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EL PASO DAILY HERALD, THURSDAY. DECEMBER 20. 1900.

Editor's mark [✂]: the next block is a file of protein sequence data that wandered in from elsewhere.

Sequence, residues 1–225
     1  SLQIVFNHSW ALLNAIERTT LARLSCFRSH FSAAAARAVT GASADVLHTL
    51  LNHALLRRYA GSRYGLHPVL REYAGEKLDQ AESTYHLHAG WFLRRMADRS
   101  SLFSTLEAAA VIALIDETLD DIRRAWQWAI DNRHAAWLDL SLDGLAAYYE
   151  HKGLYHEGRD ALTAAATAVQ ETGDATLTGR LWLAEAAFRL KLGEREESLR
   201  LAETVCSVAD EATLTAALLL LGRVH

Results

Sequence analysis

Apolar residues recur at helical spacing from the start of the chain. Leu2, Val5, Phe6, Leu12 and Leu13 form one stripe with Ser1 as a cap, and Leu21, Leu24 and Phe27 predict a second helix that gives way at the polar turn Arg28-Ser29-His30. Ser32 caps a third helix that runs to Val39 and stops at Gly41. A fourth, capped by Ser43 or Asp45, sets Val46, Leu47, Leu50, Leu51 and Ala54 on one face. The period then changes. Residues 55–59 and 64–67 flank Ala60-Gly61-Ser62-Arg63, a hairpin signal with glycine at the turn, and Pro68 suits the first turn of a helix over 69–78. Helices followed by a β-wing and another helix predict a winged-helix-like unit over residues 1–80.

THE DAILY HERALD uMlihed Every evening Except H v - Herald New. Company EL PASO. T S. ,ITT1B PLAZA. 1 1 LKFHONE UK An Independent Republican NEWSPAPER. Bifid Enforcement of Existing Laws la the First Step l owara jan nlclpal Reform. B. D. 8 LATER, Editor and General Manager. HENRY L. CAFELL. Business Manager. atered at the poetofflce at El Paso, Texas for transmission througn the mails at second class rates. TERMS OP SUBSCRIPTION. Dally, one year $7.00 Dally, six months 3.50 Dally, three months 1.75 Dally, one month 60 Weekly, one year 2.00 Weekly, six months 1.00 Weekly, three months 50 The Dally HERALD Is delivered by carrier In El Paso, Texas. Juarez, Mexico, and at the El Paso smelt ing works, at fifteen cents (15c) per week, or sixty cents (60c) per month. Subscribers failing to get the HERALD regularly or promptly should call at the office or telephone No. 15. All complaints will receive prompt attention. TO ADVERTISERS. In crder to insure proper changes in advertising, copy for same should be at the business office not later than 10 a. m. ADVERTISING RATES. Rates of advertising in the Daily or Weekly HERALD will be made known upon application at the bus iness office. Those who prefer can have a representative of the bus iness department call upon them, who will quote prices and make contracts for space. Call telephone No. 115. Classified advertisements for locals, ten (10c) cents per line for nrst in sertion and five (5c) cents for each additional insertion. Special rates upon five hundred (500) or one thousand (1000) lines of local, to be used in one month, will be fur nished open application. A WORD ABOUT THE COMING MIDWINTER CARNIVAL. There is one thing in El Paso about which there is no difference of opin ion. That is the Midwinter Carnival, to be held next month. From the day the movement was launched under its present thoroughly competent manage ment, there has been no place for croakers in this city. Every one be came enthused at once, and if there have been any objectors they have kept quiet. El Paso people ask each other a thousand times a day "What about the carnival?" The answer is invariably the same: "We will." The spirit that has actuated the promoters of the car nival has been most infectious, and "We will" puts strength into the hearts of loyal El Pasoans, shines forth from their coat lapels, is flashed abroad on every letter head and envelope, and makes the sun shine even brighter than usual, In the City of the Pass. The plans are perfect, the money is In hand or is coming as fast as it is wanted. Enthusiasm, which will not pay bills, is backed up by liberal pur ses. The proverbial "red fire" that carries the hurrah and the swashbang and makes everybody feel that he owns the town and the state of Texas on the side, is here in unlimited quantities. El Paso stands together, as one man and one woman, with only one thought, to make the carnival a success that shall he ever remembered and looked back to with pride. Thousands will come to the merry making. It may be eight, ten. fifteen thousand. But provision will be made for all, and El Paso's hospitality will not even be strained, only brought out in all the warmth of which it is cap able. The world is invited to attend, es pecially that important portion of it known as . ae Great Southwest. We will show to the unfortunates who do not live in the Metropolis of the Great Southwest many things they never dreamed of, and many other things that they have often dreamed of after a night of it. o The chief of police, as quoted in the morning paper, seems to be greatly shocked at the proposition of a gang of Arkansas sharpers to pay a thous and dollars for the privilege of work ing the visitors to the Carnival. The morning paper calls them thieves, but with all due respect to the chief, who is not primarily responsible for- the present disgraceful state of affairs in this city, the proposition is not essen tially different from the license fine system that is practiced here every month with reference to the gambling houses. Many of these are but licen sed dens of thieves, there is little or no effort made apparently to prevent the brace games and the whole system is a disgrace to any civilized communi ty. It is particularly considerate of the sharpers who make the Arkansas prop osition that they are ready to promise not to touch any victim for more than five dollars. If there were any way to keep the fellows to their contract, and if they would act in their own behalf to keep out competition, it might be money in the pockets of some visitors to make the deal. If the Arkansas people would make their 6 Her ten thousand, the request might be grant ed and called a "concession." That's the way they do it In Paris. o It is too much to hope that the pres ent misfortunes of the Palace theater will result in closing up the house. The "theater" is one of the two or three rottenest dens of vice in El Paso. A description of the proceedings there every night would hardly be fit read ing for decent people. And yet in that vile place, duly licensed by the city. and under the direct protection of the mayor, every method known to de bauch humanity is employed to ruin men. The proceedings now In court show to all what many of course have known before that the theater is run largely as an agency for a Texas brewery. There may be no intrinsic harm in drinking beer in moderation, but certainly the advocates of enforced temperance have much to Justify their position, when they contend that the brewery and liquor interests are the instigators of crime to a degree that is disgraceful to our civilization. The idea of using beer in moderation as a beverage or as a" food is pot abhorrent to many people, perhaps most people, but the idea of using the lowest, most debauched and criminal practices, through the connivance of govern ment, to push the sale of intoxicants far beyond what it would normally be if dependent merely on the appetites of men, is abhorrent to every man and every woman who thinks about the matter at all. It is another case in which public sentiment has got to be aroused before there can be any ef fective reform. And when the reform is begun it must be at the fountain head. There is a deal of sentimental ity wasted about the "poor man's beer." A little attention to the poor man's hell might solve many of the problems of labor and industry, of civ ilization and law enforcement. o annual income ot $250,000 is not enough for them to keep up their house in a manner befitting their fam ily and to properly educate the child ren. It is sad to hear the wolf snarling at their door. Paris is having a reign of thugs and highway robbers. The exposition cleaned out the pockets of the Strang ere and now the pockets of the Paris ians are to be robbed of their profits of the exposition. The city is full of stranded workmen, fakirs, and adven turers. Just as Chicago was after the world's fair. o Automobiles will be experimented with this winter in Alaska with view to solving the problems of mail passenger, and freight transportation there. Two will run between Dawson and Grand Forks and a line between Dawson and White Horse is proposed o Chauncey Depew got one off on An drew Carnegie and his countrymen by saying: "The reason you Scotch are a race of dyspeptics is because you are such a disputatious lot you won't even allow your food to agree with you. o New England has been having gales and storm bound harbors, California has suffered from high winds and forked lightnings. Knoxville, Tennes see, bad a slight earthquake lasting twenty seconds, Monday, but El Paso knows nothing but fair weather. It is gratifying to the friends of la bor to read that the representatives of the various railway trainmen's orga nizations refuse to join in a sympathy strike with the telegraphers. The con viction has been growing In the minds of intelligent readers of the daily press that, whatever may have been the particular grievances of the operators on the Gulf road, the strike on the main line was unjustifiable, and for feited whatever rights the operators had under their agreement with the railroad company. It seems to be well substantiated that the telegraph ers violated a solemn agreement in going out on strike as they did. They have certainly lost the sympathy of the public, and that stands for a good deal. The strike was ill advised, in the opinion of the leaders of the other railway organizations, and in refusing to countenance it these orga nizations have gained greatly in pres tige, in the respect of the public, and in the good will of the railway man agers. o The news in last night's Herald to the effect that the senate committee on foreign relations had unanimously and favorably reported the bill for the construction of the international dam at El Paso, was as much a surprise to Senator Turney, who has been active in enlisting Senator Culberson's sup port, as it was to the people of El Paso in general. The action of the committee is most gratifying, and it indicates that there is no active op position to the project at the present time, among the members of the sen ate. The fact that the bill was report ed so soon after Its Introduction in dicates also that Senator Culberson does not lack influence in the upper house of our national legislature. o In all the Christmas giving and plan ning, it should remembered that after all, "Peace on earth, good will towards men." is the key note of the day's celebration, and not ambition, the payment of social obligations, the show of pomp and riches, or the tightening of the lines between a man and his neighbor. o Delegate Wilcox from Hawaii is in hot water over his recognition by con gress. His first wife claims that he married his second without having se cured a divorce from her. As a big amist he will have to be classed with Roberts of Utah. Furthermore there is a protest from Hawaii claiming that his election was not lawf uL . o The Castelianes are still worrying over their bills and petitioning that an Venezuela has discovered a new' plot for a new revolution. Venezuela is with her revolutions as a sufferer from the ague who knows when his chill day is coming and anticipates it. Ven ezuela looks for a revolution every so eften. . o Indianapolis must be a sharp city. The gas company there complains that tne citizens steal gas and that no science or law can stop them. When city can steal from a gas company it argues a sharpness that is acute. o The Albany Argus twists an old joke into a new one: Witnesses in a New York will contest swear that they never saw the deceased sober. Ac cording to their account, he must have been a man of unusually steady hab its. ' o Russell Harrison, son of ex-Pres-Ident Harrison, insists upon knowing why he was discharged from the Unit ed States volunteers. He asks for a court of inquiry and a strict investi gation. o There is still talk or raising the wreck of the battleship Maine from the harbor of Havana. o UNITED STATES IN THE ORIENT. By John Barrett in December Forum. From the beginning the United States were set toward the Pacific. As soon as its waters were reached in the path of the republican progress, an ef fort was made to bridge them on the north by the way of Alaska and the Aleutian Islands. Commercial devel opment and political influence, how ever, did not thrive along that frozen route, or find a favorable approach to the vast markets and millions of Asia. A southern pathway was marked across the seas, which in the surveys included Hawaii. There was some difficulty at first about the title but the war with Spain conveniently and peremptorily settled that issue. Guam was made a flag station. The Philippines were oc cupied as a legitimate moral result of war: and now we are discussing the feasibility and cost of erecting there, as it were, permanent terminal facili ties. Russia. Germany. France, and England are well provided with ren dezvous and possessions along Asia's Pacific shores. ve are now to deter mine whether we shall have our own. or forever depend on other nations. We own the ground in right and theory, if not in practice: and we hope soon to be able to build thereon the fabric of good government, which will bring with it peace, order, and prosperity. i nere are great moral as well as ma terial problems to be solved in our oc cupation of the Philippines. Whether on the one hand, we believe that our government is meeting its responsibil ities and notshlrking the mighty task before it in endeavoring to put down the present warfare, or. on the other hand, that we are violating the sacred principles of the constitution and tres passing on the right of others, we must ail agree that the one desideratum of the present hour is the conclusion of the conflict, the establishment of quiet, and the beginning of contentment and happiness among the people. When once fighting is at an end, congress, supported by public sentiment, can de termine what shall be the future of the Philippines. It is not tne purpose of this article to enter upon a discus sion of the principles involved in the occupation of the Philippines; but. in tracing the rise of American influence in the Pacific and the far east. It is necessary to touch upon the present situation, which has such a direct bear ing on our future standing as a power in Pacific lands and seas. mas from the best medical colleges in the United States, and in view of the fact that you fail to name the doctor who treated the woman that died, peo ple reading your article, who are not posted on the facts, may impute the malpractice to any one of our best physicians. If our Medical society, composed as it is of reputable physicians, want to rid the community of quacks, or per sons who attempt to practice without having a diploma from some accredited medical college chartered by the state from whence such uiploma is issued. they can do so by an investigation A medical college to be accredited must have the full legal sanction of the state in which it is carried on. It must be chartered by the legislature of the state or under its authority. It must be accredited by the state. A graduate from such college, before he can practice medicine in Texas, must file for record with the .clerk of the district court his diploma. Our Medical society cannot expect the clerk of the district court to judge of what is an accredited college, but the records are open to inspection, and the medical society can ascertain from the record the name of the physician and the college from which he claims to be graduated, and tnen write to the college and ascertain whether or not the diploma is genuine and issued to the person registering the same; then write to the secretary of the state In whicn the college is locat ed, and ascertain from him if the col lege is chartereu and accredited by such state. The words "accredited medical col lege" in our law means that the college is one conducted upon honest business principles, and that will only grant di plomas to persons entitled thereto af ter a full course of study and final and rieiri examination bv men or women who are versed in their profession, and who are previously selected for that purpose, and that such diploma will give to such persons receiving the same the authority of the college, which will render statements made by him with reference to the treatment of diseases credible and weighty. If a charter for a medical college is fraudulently obtained and dinlomas are issued without due regard for the ! ability of the student, and without a j due course of study; or. in other words, j if the college is a "(Mploma mill," such ; college is not accredited under our law. and it is then the duty of the Medi cal society to obtain and cause to be published the name of every would-be practitioner under such a diploma, giv- : ing the reason why such college is not accredited. Such action on the part of the Medical society will hasten the re- . treat from our midst of quacks sooner than any other remedy. Your statement with reference to the cry of persecution is correct. But if our Medical society will prepare itself with facts (and those are what the people want), then go for the quack by showing that he or she is neither learned in the profession nor entitled to practice by reason of not being properly graduated and authorized to practice by some properly conducted accredited medical college, they can do big lot of house-cleaning, because as soon as it is known that the Medi cal society is in earnest all boastful pretenders to medical knowledge or skill which they do not possess will emigrate from El Paso and go to some other place where they can Impose up on the people until they are found to be sham practitioners in medicine and again be made to remove. W. B. Merchant. A LETTER ABOUT THE MED ICAL SOCIETY AND QUACKS. Editor Herald: "The Medical Society is after the quacks." The above is the caption of an article In your paper of Tuesday, in which It is said: "A recent death in this city of a woman who was under treat ment of one of these graduates (mean ing a graduate of a diploma mill) is the probable cause of the decision of the Medical society to do a little house cleaning." . . There Is In this city about twenty reputable physicians who have diplo- Everything in usc API4N? FOR CHRISTMAS What more appropriate gift than a piano? It is something that adds much to the attrac tiveness of home, and aside from the entertaining part of it, is the refining influence that at taches to its presence. A Singer Piano, th only really high grade piano, sold at a medium price, is just the thing. Sold on easy payments when desired, or If there s no one that can perform on the piano, what's the matter with a Music Box or Mandolin or Guitar? There are many suitable things in this store for those who wish to remember with a gift. We have engaged the services of a first-class piano tuner from an eastern music house. All or ders for tuning will receive prompt and careful attention. PIANOS 5sSJ& W. G. Walz Co., El P.o, Tfxu f New City Directory ; A 4 4 THE- Now In Preparation. fl?'llcont'n mur.y features not hthr'o irctif!ed In directories of El Pr. and will be complete in v-rv reswe. The oe Directory will be P'.ihlUhrd bv home enmptny nd the printing and bind leg tone hy local printing houcec. El Paso Directory Co., Publisher. i .1 The "STAR" Livery. Feed inCCit CfcfAeOor W. OyerU.a utt Fa Pta REST AND CHEAPEST RIGS IN CITY. NtTGRFFR. pb. PHONE 69 Ele&ant Line of HOLIDAY GOODS. Beautiful Booklet?, Holiday Papeteries, Statuettes and Bric-a-brac. Manicure Sets, Purses and Pocketbooks, Fancy Picture Frames, Handsome Ullustrated Books, Cut Glass and Fine China, Teplitz Ware, Toilet Cases, Fine Pictures, Holiday Perfumes, Etc., Etc I am going out of the toy business entirely, so I am closing out my dolls and toys at any price below cost. It is a Pleasus to show Goods M. H. WEBS, the Druggist 220 San Antonio Street- oooooooooooootooooooooooooo rn i 8 t A STUDY worthy of your time and in telligence is our line of CARRIAGES. Whether or not you want to spend money on wheeled ve hicles the exhibit of modern movable elegence will prove mighty Interesting. And that interest will be increased when prices are ascertained. We sell better carriages at less money than any dealer in the city. . H. P. INOAKE. anla Fe & W. Overland 9ta s WINTER RESORT FOR INVALIDS. Old Mexico with all its fascinations and attraction as a winter resort for invalids has attracted little attention because of the .discomforts encounter- ed In the miserable hotels of the coun- ! try, and the lack of proper medical supervision. The splendid Sanitarium recently opened at Guadalajara as a branch of the Battle Creek. Mich., in- stitution removes this obstacle .and many are planning to avail themselves of the benefits offered by the unrivaled winter climate of Old Mexico in con- ; nection with Sanitarium care. 00000000K)0000WSCrOOOOOOO .8 CHRISTMAS DOES IT PAT TO BUT CHEAP? A cheap remedy for coughs and colds Is all right, but you want something that will relieve and cure the more se vere and dangerous results of throat and lung troubles. What shall you do? Go to a warmer and more regular climate? Tes, if possible: if not pos sible for yon, then in either case take the ONLY remedy that has been in troduced in all civilized countries with success lp severe throat and lung troubles. "Boschee's G rman Syrup." It not only heals and stimulates the tissues to destroy the germ disease. but allays inflammation, causes easy expectoration, gives a good night's rest, and cures the patient. Try ONE bottle. Recommended many years by all druggists in the world. Get Green's Prise Alamanac Sold by dealers In all civilised coun tries. Comes but Once a Year. I But this is the yer that you can save I money on your presents by cominwr to us. f Our entire stock of gents furnishings will f be closed out at cost. JOHN CRXJisrsrii. 104 El Paso St -A GLANCE AT- THE MAP MID-WINTER CARNIVAL RATES." The "Santa Fe Route" will make the following rates for the Mid-Winter Carnival, to be held in EI Paso January 17th. 18th and 19th.. 1901. From all points Kansas City to La Junta, one fare, plus $2.00, tickets to be sold Jan uary 15th.. only. From Denver, (round trip.) .... $25.00 From Colorado Springs and Can on City, (round trip.) .. .. $23.00 From Pueblo, (round trip.) $22.00 From all stations. Trinidad. Colo., and south, three (3) cents per mile. for round trip, excepting that from stations west of Rincon the round trip rate will be one fare. B. F. Houghton. DIst, Pass. A st- OP- MEXICO will show yon tna the M t X ICAN CENTRAL RY. reaches all of h. Impo'tani points of Mexico. The tablt Und of Mexico traversed n its entirety bt Mexican Central Ry. offers most desirable resorts for the summer (as well as i winter) notebli Guadalajara, Lake Chapala, Afruascalientee, which are Mgb and dry. where every day in the year is pleasant and every night oo .... sonsnioe and strawberries Every Day In the Yearv For rato. mad othar Information, apply to B. J, KUHN, Commercial Agent, El Paso, Texas. MYAR OPERA HOUSE! X-mas Matinee and Night. Dec. FOR FAMILY USE. get only Anheuser-Busch Brewing Ass'n.. brands of beer the pure kind. I "Not How Cheap. But How Good" is the motto that governs their manufac- j ture. No corn or other cheap mater- j ials are used. Henry Pfaff wholesale ' dealer, E Paso, Texts. The Great New Tork City Farce Comedy Production, Have You Seen Smith? 17 One Solid Year's Run in New York City. Farce Comedy Stars "Count Em" 17 Replete with High Class Specialties, A Few of the Specialty Acts: MASSAGE EXCELSIOR. f Although connected with Dr. Llnd- The Gilbert Sisters, Famous Buskey Family of Asael says isxceisior, Mrs. uiery win give larae oc micnie, ragen & Cunningham, massage treatment at your home or at Virginia Earl, Watson & Wilson. her office at Excelsior. Tickets 50c, 75c and $1.00. On sale at Susen's.